Just about any oil and gas company with acreage in the Permian Basin -- no matter its size or financial standing -- is among the hottest energy stocks as of late. Case in point: Resolute Energy (NYSE: REN). The economics of drilling in the Permian are so superior to any other place that Resolute was able to grow production 82% in 2016; those numbers have fueled an astounding 1,340% gain in its stock price over the past year.

It's hard foreseeing Resolute Energy -- or any other stock for that matter -- achieving a repeat of that performance this year. In the spirit of looking for this explosive growth in stocks in the energy sector, though, we asked three of our contributors to pick energy stocks that have a chance of major growth. Here's why they picked Hi-Crush Partners (HCRS.Q), Whiting Petroleum (WLL), and Clean Energy Fuels (CLNE -4.58%).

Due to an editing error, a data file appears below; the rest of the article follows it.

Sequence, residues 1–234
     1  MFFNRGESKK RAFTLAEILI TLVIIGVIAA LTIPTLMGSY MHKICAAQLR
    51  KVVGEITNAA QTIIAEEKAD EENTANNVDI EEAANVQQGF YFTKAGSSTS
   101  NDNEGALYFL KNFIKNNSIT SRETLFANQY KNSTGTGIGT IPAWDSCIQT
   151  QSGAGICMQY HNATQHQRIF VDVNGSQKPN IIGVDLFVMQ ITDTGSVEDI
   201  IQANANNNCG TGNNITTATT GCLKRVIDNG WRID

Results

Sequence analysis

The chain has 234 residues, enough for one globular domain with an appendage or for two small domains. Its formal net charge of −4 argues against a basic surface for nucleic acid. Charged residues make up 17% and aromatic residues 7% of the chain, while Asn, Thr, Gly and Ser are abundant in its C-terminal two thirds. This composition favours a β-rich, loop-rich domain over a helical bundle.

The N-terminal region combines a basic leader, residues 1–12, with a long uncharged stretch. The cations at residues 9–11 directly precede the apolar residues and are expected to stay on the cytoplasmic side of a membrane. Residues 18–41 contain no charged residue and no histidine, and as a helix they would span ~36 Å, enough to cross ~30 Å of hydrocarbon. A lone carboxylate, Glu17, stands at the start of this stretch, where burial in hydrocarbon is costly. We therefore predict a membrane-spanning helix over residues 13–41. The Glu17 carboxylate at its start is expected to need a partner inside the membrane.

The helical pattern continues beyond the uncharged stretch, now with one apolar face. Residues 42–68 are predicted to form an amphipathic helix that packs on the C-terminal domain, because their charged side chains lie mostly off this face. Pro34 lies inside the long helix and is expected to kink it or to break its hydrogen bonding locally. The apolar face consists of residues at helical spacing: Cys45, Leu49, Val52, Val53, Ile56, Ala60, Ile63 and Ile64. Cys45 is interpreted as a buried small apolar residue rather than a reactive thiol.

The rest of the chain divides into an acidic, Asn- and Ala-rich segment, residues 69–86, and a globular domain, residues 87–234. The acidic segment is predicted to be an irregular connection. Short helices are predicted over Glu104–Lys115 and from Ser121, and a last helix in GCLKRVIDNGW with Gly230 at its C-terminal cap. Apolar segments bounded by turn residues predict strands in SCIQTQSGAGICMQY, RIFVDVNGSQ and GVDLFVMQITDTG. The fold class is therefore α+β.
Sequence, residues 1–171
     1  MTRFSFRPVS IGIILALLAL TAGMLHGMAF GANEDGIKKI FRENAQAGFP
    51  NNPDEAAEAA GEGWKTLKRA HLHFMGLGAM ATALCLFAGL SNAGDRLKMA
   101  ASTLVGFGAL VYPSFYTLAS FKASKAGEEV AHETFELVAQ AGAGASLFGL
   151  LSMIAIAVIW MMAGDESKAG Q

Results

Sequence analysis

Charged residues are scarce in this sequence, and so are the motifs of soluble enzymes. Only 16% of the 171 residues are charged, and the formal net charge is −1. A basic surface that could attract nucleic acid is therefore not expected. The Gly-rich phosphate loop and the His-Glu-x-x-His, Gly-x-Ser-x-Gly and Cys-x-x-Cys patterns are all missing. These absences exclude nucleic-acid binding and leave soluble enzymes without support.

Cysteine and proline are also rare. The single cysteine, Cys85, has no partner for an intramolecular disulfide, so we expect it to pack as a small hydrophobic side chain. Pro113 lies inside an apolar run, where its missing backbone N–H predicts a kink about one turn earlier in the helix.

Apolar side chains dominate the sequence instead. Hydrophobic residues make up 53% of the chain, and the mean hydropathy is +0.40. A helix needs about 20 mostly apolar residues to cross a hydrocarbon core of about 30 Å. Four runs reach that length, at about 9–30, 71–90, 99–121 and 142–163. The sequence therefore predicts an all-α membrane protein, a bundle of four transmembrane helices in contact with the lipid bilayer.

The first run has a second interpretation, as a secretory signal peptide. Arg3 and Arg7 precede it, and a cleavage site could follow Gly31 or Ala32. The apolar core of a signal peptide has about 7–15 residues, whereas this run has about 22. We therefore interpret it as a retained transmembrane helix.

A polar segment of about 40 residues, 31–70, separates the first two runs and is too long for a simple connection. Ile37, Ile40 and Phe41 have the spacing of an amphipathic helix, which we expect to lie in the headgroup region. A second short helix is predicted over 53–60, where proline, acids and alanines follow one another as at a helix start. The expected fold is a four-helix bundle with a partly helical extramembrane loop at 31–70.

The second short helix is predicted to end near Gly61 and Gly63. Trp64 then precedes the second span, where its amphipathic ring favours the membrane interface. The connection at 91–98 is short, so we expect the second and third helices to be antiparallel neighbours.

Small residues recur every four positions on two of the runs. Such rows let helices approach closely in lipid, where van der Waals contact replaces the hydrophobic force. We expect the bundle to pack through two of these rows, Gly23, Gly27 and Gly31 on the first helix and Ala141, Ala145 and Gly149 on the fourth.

Drilling rig with drill pipe in the foreground

Image source: Getty Images.

An oil service subsector growing faster than oil production

Tyler Crowe (Hi-Crush Partners): One thing that has allowed the second wave of shale drilling to take place over the past year is that producers have become much better at tapping shale reservoirs. Better techniques, more efficient operations, and a more thorough understanding of the underlying geology have transformed a resource once considered a marginal-cost player to one of the lowest-cost sources out there.